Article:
Sussex 2016Read more about Sussex
This is HMIC’s third PEEL (police effectiveness, efficiency and legitimacy) assessment of Sussex Police. PEEL is designed to give the public information about how their local police force is performing in several important areas, in a way that is comparable both across England and Wales, and year on year. The assessment is updated throughout the year with our inspection findings and reports.
The extent to which the force is effective at keeping people safe and reducing crime requires improvement.
The extent to which the force is efficient at keeping people safe and reducing crime is good.
The extent to which the force is legitimate at keeping people safe and reducing crime is good.
Zoë Billingham, Her Majesty’s Inspector of Constabulary
I am satisfied with most aspects of Sussex Police’s overall performance. However, there are some areas that the force needs to improve to provide a consistently good service.
I have expressed my concern that recent changes to local policing may be cutting too hard and too deep into neighbourhood policing. While the force’s partnership arrangements are still strong, at the time of our inspection we found that police officers were too often being taken from preventative policing duties to respond to reactive policing needs.
I am assured that since our inspection the force has taken steps to ensure that it is not eroding neighbourhood policing.
I also have some concerns about how the force approaches the protection of vulnerable victims, in particular, its response to domestic abuse. The force has recently implemented a new system for handling domestic abuse incidents that entails carrying out some risk assessments over the phone. The force needs to improve this, to ensure the proper safeguarding measures are put in place in order to give these victims the support that they need. Other risk assessments are generally completed promptly and to a good standard.
The force’s initial response to investigating crimes is good but the quality of some investigations can be inconsistent. The force needs to improve how it supervises the investigations of less serious crimes, to ensure victims get the service they deserve.
The force is working well to protect the people of Sussex from threats of serious and organised crime. It has a good understanding of the threats posed to people in Sussex, although this could be improved by including information from partner organisations. The force should do more to deter those at risk of being drawn into organised criminality.
Since our inspection in 2014, the force has made concerted efforts to improve the accuracy with which it records crimes and has made progress in placing the victim at the forefront of crime-recording decisions. The force needs to do further work to reduce inaccuracies in its initial crime-recording decisions, and to improve the supervision of crime recording.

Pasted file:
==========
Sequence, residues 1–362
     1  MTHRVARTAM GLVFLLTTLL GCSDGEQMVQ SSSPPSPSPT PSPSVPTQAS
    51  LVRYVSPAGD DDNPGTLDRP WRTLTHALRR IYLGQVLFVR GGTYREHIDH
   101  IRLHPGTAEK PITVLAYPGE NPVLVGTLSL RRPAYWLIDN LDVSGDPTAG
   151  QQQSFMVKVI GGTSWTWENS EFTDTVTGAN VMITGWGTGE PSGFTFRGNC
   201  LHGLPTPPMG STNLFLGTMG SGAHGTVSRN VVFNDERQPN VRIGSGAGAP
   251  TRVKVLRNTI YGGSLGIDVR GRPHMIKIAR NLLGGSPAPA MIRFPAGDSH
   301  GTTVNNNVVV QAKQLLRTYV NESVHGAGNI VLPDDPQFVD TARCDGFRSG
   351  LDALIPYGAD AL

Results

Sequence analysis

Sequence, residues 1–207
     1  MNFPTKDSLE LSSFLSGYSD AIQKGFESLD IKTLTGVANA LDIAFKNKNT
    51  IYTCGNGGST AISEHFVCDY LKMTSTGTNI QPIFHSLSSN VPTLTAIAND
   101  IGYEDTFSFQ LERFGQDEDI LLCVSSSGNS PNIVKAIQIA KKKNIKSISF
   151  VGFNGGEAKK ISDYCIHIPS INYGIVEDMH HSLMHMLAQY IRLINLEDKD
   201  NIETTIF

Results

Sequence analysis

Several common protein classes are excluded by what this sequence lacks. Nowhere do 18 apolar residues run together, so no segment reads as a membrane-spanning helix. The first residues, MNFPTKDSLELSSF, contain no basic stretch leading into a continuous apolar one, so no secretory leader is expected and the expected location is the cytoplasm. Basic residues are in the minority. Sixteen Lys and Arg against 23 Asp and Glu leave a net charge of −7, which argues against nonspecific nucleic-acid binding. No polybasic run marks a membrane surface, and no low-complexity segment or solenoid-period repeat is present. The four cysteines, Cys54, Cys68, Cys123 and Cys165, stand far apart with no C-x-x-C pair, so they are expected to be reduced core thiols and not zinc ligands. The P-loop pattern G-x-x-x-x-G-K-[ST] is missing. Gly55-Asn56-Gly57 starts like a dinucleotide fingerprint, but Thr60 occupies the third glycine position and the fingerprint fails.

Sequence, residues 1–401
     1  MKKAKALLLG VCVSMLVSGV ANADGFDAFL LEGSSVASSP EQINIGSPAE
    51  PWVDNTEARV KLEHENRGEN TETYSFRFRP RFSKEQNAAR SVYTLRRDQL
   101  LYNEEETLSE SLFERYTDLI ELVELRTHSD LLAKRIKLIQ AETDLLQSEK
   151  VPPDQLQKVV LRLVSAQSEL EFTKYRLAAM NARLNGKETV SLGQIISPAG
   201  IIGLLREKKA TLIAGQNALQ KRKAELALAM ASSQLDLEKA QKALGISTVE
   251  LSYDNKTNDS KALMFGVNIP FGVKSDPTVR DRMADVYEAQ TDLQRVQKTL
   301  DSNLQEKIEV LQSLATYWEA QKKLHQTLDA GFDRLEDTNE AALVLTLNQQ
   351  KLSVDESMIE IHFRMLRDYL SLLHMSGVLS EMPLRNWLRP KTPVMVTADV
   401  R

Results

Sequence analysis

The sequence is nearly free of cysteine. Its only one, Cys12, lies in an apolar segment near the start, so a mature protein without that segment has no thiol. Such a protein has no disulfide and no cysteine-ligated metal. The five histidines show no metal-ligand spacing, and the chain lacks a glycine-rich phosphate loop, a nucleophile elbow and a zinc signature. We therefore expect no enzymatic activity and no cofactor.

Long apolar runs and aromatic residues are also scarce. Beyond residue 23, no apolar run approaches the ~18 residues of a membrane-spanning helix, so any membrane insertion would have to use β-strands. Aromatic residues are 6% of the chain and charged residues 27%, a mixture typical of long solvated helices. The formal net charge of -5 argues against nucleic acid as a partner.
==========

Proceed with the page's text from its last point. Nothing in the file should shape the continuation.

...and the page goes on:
Sussex Police has a good understanding of the broad spectrum of demand it faces when fighting crime and this has informed the development of its operating model. The force has made plans based on prudent assumptions about its future income and costs. However, it needs to improve its understanding of the skills and knowledge of its workforce.
Sussex Police has improved its understanding of inefficiencies and unnecessary demands on police time. This has led it to introduce a resolution centre that assesses whether or not to send police officers to calls for service and oversees the consistency of investigations.
The force works well with its neighbour, Surrey Police, to reduce its costs and, through increasing the ability to use one another’s technology, and share systems and infrastructure, it has achieved greater economies of scale. The force has enhanced its efficiency through increased use of technology, including mobile devices, online crime reporting, social media and community messaging systems.
The force is good at seeking feedback on the quality of service it provides, and demonstrates an understanding of the importance of trying to access groups who might have limited trust in the police. Doing so allows the force to improve and adapt its service, so it can raise public confidence across Sussex.
The force is well prepared to prevent corruption within its workforce, having both good identification techniques as well as robust management of vetting. The workforce hold the force’s well-being services in very high regard.
In summary, I am satisfied that in many areas the force continues to provide a good service to the people of Sussex, but there are some aspects of its performance where I would like to see improvement.
Sussex Police provides policing services to the areas of East, West and Mid Sussex. Sussex is generally affluent, although there are some areas of deprivation. The force area is home to around 1.7 million people, who mainly live along the south coast, in the city of Brighton and the towns of Bognor Regis, Hastings, Hove, and Horsham.
The resident population is increased by university students and the very large numbers who visit, socialise in, or travel through the area each year. The transport infrastructure includes 131 miles of motorway and trunk roads, major rail stations, a major airport and major sea ports.
The proportion of areas in Sussex that are predicted (on the basis of detailed economic and demographic analysis) to present a very high challenge to the police is lower than the national average. The most challenging areas are generally characterised by a high concentration of people living, working, socialising, or travelling in the area.